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From Erik Hatcher <e...@ehatchersolutions.com>
Subject Re: Indexing multiple languages
Date Tue, 31 May 2005 23:08:37 GMT
Jian - have you tried Lucene's StandardAnalyzer with Chinese?  It  
will keep English as-is (removing stop words, lowercasing, and such)  
and separate CJK characters into separate tokens also.

     Erik


On May 31, 2005, at 5:49 PM, jian chen wrote:

> Hi,
>
> Interesting topic. I thought about this as well. I wanted to index
> Chinese text with English, i.e., I want to treat the English text
> inside Chinese text as English tokens rather than Chinese text tokens.
>
> Right now I think maybe I have to write a special analyzer that takes
> the text input, and detect if the character is an ASCII char, if it
> is, assembly them together and make it as a token, if not, then, make
> it as a Chinese word token.
>
> So, bottom line is, just one analyzer for all the text and do the
> if/else statement inside the analyzer.
>
> I would like to learn more thoughts about this!
>
> Thanks,
>
> Jian
>
> On 5/31/05, Tansley, Robert <robert.tansley@hp.com> wrote:
>
>> Hi all,
>>
>> The DSpace (www.dspace.org) currently uses Lucene to index metadata
>> (Dublin Core standard) and extracted full-text content of documents
>> stored in it.  Now the system is being used globally, it needs to
>> support multi-language indexing.
>>
>> I've looked through the mailing list archives etc. and it seems it's
>> easy to plug in analyzers for different languages.
>>
>> What if we're trying to index multiple languages in the same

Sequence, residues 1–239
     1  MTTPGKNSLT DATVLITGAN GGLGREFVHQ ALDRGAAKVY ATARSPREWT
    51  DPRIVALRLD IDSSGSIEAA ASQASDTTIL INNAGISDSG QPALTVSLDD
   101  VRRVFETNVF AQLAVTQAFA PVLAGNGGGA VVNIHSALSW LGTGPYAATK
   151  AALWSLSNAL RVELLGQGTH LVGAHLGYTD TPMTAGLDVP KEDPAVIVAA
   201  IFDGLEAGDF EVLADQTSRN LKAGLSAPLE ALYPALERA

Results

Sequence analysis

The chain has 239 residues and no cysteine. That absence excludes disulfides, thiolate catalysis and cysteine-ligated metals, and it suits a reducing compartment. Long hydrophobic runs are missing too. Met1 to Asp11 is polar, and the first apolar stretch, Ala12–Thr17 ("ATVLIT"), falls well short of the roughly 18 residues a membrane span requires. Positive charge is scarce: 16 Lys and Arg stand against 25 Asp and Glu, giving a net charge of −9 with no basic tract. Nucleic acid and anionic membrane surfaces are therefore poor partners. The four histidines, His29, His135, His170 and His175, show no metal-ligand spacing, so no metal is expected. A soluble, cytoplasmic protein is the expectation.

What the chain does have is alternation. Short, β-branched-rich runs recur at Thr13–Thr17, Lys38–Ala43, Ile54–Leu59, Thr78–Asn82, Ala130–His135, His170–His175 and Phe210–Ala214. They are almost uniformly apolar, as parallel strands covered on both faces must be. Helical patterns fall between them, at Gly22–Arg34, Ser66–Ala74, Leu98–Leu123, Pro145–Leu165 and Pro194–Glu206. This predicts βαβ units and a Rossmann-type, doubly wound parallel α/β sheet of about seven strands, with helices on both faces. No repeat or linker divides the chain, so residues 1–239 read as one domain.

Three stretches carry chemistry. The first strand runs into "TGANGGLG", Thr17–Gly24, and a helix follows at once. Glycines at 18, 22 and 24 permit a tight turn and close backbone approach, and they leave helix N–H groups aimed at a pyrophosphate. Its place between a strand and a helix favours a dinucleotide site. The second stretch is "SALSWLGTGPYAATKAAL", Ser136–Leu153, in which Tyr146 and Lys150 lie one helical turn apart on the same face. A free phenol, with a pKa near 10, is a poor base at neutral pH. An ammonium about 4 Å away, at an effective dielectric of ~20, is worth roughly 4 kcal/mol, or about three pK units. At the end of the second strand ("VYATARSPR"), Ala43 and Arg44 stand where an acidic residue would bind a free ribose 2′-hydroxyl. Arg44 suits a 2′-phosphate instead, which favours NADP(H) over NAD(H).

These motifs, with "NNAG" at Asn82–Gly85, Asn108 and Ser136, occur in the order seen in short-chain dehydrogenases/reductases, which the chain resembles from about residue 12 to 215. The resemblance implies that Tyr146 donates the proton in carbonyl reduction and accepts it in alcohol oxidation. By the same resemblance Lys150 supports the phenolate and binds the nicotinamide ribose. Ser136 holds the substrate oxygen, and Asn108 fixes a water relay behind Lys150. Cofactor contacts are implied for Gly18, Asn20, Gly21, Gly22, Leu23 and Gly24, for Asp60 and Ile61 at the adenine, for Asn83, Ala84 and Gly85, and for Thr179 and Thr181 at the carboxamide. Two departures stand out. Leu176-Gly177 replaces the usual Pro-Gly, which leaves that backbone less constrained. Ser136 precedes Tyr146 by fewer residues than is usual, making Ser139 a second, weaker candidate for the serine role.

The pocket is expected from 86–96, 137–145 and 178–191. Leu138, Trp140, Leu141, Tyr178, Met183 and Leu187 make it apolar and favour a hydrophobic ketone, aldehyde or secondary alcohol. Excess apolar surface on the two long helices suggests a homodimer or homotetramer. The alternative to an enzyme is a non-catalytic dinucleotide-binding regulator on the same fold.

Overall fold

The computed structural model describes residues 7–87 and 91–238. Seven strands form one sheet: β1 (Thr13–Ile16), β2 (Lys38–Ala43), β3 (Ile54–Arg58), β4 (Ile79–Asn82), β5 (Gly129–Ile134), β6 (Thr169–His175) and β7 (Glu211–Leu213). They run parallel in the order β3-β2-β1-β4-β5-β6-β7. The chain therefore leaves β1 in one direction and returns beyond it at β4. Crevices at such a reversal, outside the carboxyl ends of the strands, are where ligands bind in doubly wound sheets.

>> site?  Is
>> it best to have:
>>
>> 1/ one index for all languages
>> 2/ one index for all languages, with an extra language field so  
>> searches
>> can be constrained to a particular language
>> 3/ separate indices for each language?
>>
>> I don't fully understand the consequences in terms of performance for
>> 1/, but I can see that false hits could turn up where one word  
>> appears
>> in different languages (stemming could increase the changes of this).
>> Also some languages' analyzers are quite dramatically different (e.g.
>> the Chinese one which just treats every character as a separate
>> token/word).
>>
>> On the other hand, if people are searching for proper nouns in  
>> metadata
>> (e.g. "DSpace") it may be advantageous to search all languages at  
>> once.
>>
>>
>> I'm also not sure of the storage and performance consequences of 2/.
>>
>> Approach 3/ seems like it might be the most complex from an
>> implementation/code point of view.
>>
>> Does anyone have any thoughts or recommendations on this?
>>
>> Many thanks,
>>
>>  Robert Tansley / Digital Media Systems Programme / HP Labs
>>   http://www.hpl.hp.com/personal/Robert_Tansley/
>>
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>>
>
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